August 31, 2012
The New York Times covered the sea ice story too. This is the page from their international section that used one of my images. It’s of the Icebreaker called The Arctic Sunrise which belongs to Greenpeace International. The image was made from a helicopter high above the Fram Strait, which is usually choked with drifting and broken ice in the summertime. The online version of this story uses a colour version of this image, you can read the New York Times story about sea ice here.

The New York Times covered the sea ice story too. This is the page from their international section that used one of my images. It’s of the Icebreaker called The Arctic Sunrise which belongs to Greenpeace International. The image was made from a helicopter high above the Fram Strait, which is usually choked with drifting and broken ice in the summertime. The online version of this story uses a colour version of this image, you can read the New York Times story about sea ice here.

August 31, 2012
The coverage of sea ice in summer shrunk to a record level recently, beating the previous record low of 2007. This is the front page of the International Herald Tribune which uses one of my sea pictures. You can see more of the sea ice work here

The coverage of sea ice in summer shrunk to a record level recently, beating the previous record low of 2007. This is the front page of the International Herald Tribune which uses one of my sea pictures. You can see more of the sea ice work here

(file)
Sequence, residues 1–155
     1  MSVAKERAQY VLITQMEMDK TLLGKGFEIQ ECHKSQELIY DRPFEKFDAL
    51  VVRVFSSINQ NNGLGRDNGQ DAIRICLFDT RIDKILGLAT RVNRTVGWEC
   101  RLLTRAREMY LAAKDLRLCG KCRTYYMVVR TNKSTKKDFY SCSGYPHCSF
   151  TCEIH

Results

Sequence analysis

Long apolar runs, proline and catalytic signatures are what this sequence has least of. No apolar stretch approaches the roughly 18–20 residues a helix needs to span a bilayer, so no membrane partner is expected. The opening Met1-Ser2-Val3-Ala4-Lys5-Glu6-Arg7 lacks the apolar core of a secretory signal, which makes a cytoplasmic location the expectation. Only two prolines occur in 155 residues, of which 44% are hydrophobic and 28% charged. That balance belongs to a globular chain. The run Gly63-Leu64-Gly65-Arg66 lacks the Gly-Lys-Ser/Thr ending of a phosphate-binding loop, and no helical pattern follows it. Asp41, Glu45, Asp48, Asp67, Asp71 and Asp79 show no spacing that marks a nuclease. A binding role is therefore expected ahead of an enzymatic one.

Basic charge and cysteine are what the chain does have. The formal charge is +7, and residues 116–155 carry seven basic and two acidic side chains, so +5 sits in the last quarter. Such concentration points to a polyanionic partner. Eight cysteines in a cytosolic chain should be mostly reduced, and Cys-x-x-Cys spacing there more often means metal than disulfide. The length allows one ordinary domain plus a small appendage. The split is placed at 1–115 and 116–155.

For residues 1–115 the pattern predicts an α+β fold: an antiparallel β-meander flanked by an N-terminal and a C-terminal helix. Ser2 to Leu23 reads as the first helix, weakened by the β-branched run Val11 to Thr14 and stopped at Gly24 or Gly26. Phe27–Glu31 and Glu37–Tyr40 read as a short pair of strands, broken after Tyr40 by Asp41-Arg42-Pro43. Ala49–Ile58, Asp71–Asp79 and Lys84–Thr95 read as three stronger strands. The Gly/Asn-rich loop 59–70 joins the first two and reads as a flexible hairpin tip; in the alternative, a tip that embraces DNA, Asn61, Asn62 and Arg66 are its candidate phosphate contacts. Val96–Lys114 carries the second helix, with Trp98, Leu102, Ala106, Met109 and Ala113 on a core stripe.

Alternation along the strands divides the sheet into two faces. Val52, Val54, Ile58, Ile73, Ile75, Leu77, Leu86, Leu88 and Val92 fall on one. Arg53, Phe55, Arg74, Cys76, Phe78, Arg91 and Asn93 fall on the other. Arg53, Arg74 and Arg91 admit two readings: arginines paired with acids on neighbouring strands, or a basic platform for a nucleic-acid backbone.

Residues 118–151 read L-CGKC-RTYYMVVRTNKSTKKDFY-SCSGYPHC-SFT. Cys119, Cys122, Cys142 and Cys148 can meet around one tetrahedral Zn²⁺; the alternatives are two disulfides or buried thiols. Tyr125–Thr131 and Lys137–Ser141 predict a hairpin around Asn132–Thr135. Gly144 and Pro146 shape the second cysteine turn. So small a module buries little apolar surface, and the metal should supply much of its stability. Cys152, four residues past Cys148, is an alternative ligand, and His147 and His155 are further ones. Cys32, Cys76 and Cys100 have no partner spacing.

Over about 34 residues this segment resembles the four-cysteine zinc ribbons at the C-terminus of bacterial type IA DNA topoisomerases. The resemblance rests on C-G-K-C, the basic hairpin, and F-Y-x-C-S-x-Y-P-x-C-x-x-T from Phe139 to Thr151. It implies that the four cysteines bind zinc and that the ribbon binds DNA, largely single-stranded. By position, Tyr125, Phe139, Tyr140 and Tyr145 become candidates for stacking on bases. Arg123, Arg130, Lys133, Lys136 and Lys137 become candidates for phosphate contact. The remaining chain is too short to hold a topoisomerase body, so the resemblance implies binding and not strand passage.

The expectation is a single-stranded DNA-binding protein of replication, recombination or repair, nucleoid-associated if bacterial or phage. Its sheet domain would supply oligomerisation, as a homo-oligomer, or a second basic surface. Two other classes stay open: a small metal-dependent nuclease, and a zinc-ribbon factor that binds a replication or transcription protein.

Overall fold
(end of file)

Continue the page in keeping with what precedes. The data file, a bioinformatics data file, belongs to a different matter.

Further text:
July 1, 2012
Canoeing on the lake at Fjorda in south Norway. Great place for a few days away, camp on a rocky island, make a fire and fall asleep watching the wildlife. #fjorda #norway #canoe #kayak #lake (Taken with Instagram)

Canoeing on the lake at Fjorda in south Norway. Great place for a few days away, camp on a rocky island, make a fire and fall asleep watching the wildlife. #fjorda #norway #canoe #kayak #lake (Taken with Instagram)

2:13pm  |   URL: http://tmblr.co/ZYBZLvSVjIgK
Filed under: canoe fjorda kayak lake norway 
June 4, 2012
I like seeing text on photographs, partly because of the lack of preciousness that it can convey, but also because it makes it harder, in our digital age, to separate an image from its true context. Imagine the image above without the three words scrawled in the bottom left corner.
The young girl is my grandma (‘Nan’ as we called her) and the baby is my great uncle Arthur who died a few weeks ago, I took a very quick snap of the original photograph on the train on the way to his funeral. The man in the portrait in the background is obviously their father, my great grandfather. When the above picture was taken around 1916, he was a soldier, looking after horses amidst the mud and shelling of the first World War. He returned to the east end of London eventually and was reunited with his children again, but died not long afterwards from the mustard gas that had damaged his lungs. It’s possible that this pocket-sized photograph was mailed to him and that he’d carried it with him until he returned.
After the funeral of Arthur last week (the boy on the right who lived into his mid nineties) his grandchildren unpacked his old photo albums, over cups of tea and sandwiches in their back garden. Arthur never talked about his years in the RAF where he served in the second World War, preferring to talk about any number of other more joyous things. As we turned the pages it became obvious why, as we saw what he’d witnessed captured in detail. In his work preparing runways for the allied planes, during the push across France and into Germany after the D-Day landings, he’d photographed some of the destruction he’d encountered at the end of that war. These bound albums marked his journey and curiosity in series of small black and white images. Page by page it showed whole cities raised to the ground, shocked people roaming the streets, as though the end of the war had stopped time itself.